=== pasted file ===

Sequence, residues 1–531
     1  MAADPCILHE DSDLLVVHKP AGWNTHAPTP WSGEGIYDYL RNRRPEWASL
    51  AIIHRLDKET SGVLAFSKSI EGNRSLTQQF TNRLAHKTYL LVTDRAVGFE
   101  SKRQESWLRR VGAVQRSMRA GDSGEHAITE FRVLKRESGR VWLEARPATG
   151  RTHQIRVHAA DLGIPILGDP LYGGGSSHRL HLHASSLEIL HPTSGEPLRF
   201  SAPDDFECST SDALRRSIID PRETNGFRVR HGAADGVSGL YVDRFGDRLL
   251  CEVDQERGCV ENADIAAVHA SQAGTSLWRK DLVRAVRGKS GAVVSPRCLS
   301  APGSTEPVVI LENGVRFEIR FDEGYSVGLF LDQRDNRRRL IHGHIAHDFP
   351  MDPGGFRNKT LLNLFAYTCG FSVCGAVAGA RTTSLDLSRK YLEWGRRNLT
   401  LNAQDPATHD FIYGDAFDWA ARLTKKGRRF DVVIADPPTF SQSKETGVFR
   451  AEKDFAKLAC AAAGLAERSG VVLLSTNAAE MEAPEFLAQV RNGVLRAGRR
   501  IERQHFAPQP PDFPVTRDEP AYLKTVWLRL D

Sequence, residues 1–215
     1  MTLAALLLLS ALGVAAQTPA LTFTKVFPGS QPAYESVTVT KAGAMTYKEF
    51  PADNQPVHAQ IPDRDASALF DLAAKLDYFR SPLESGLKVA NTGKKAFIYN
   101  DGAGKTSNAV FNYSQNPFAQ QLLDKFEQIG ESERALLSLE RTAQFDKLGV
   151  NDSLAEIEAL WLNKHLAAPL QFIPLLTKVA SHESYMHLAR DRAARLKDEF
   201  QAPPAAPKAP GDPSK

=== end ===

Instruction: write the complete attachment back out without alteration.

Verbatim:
Sequence, residues 1–531
     1  MAADPCILHE DSDLLVVHKP AGWNTHAPTP WSGEGIYDYL RNRRPEWASL
    51  AIIHRLDKET SGVLAFSKSI EGNRSLTQQF TNRLAHKTYL LVTDRAVGFE
   101  SKRQESWLRR VGAVQRSMRA GDSGEHAITE FRVLKRESGR VWLEARPATG
   151  RTHQIRVHAA DLGIPILGDP LYGGGSSHRL HLHASSLEIL HPTSGEPLRF
   201  SAPDDFECST SDALRRSIID PRETNGFRVR HGAADGVSGL YVDRFGDRLL
   251  CEVDQERGCV ENADIAAVHA SQAGTSLWRK DLVRAVRGKS GAVVSPRCLS
   301  APGSTEPVVI LENGVRFEIR FDEGYSVGLF LDQRDNRRRL IHGHIAHDFP
   351  MDPGGFRNKT LLNLFAYTCG FSVCGAVAGA RTTSLDLSRK YLEWGRRNLT
   401  LNAQDPATHD FIYGDAFDWA ARLTKKGRRF DVVIADPPTF SQSKETGVFR
   451  AEKDFAKLAC AAAGLAERSG VVLLSTNAAE MEAPEFLAQV RNGVLRAGRR
   501  IERQHFAPQP PDFPVTRDEP AYLKTVWLRL D

Sequence, residues 1–215
     1  MTLAALLLLS ALGVAAQTPA LTFTKVFPGS QPAYESVTVT KAGAMTYKEF
    51  PADNQPVHAQ IPDRDASALF DLAAKLDYFR SPLESGLKVA NTGKKAFIYN
   101  DGAGKTSNAV FNYSQNPFAQ QLLDKFEQIG ESERALLSLE RTAQFDKLGV
   151  NDSLAEIEAL WLNKHLAAPL QFIPLLTKVA SHESYMHLAR DRAARLKDEF
   201  QAPPAAPKAP GDPSK